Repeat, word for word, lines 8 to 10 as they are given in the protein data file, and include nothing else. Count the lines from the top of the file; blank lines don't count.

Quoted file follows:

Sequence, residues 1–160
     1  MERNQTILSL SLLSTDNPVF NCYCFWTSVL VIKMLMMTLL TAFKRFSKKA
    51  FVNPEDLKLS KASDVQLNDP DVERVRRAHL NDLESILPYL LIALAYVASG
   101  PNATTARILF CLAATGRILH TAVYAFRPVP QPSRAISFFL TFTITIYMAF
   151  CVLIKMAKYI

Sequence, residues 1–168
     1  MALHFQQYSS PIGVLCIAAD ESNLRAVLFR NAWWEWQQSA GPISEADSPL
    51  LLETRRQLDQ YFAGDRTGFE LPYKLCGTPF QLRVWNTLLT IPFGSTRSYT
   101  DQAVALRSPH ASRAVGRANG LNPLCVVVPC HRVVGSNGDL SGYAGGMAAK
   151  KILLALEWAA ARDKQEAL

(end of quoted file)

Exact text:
    51  LLETRRQLDQ YFAGDRTGFE LPYKLCGTPF QLRVWNTLLT IPFGSTRSYT
   101  DQAVALRSPH ASRAVGRANG LNPLCVVVPC HRVVGSNGDL SGYAGGMAAK
   151  KILLALEWAA ARDKQEAL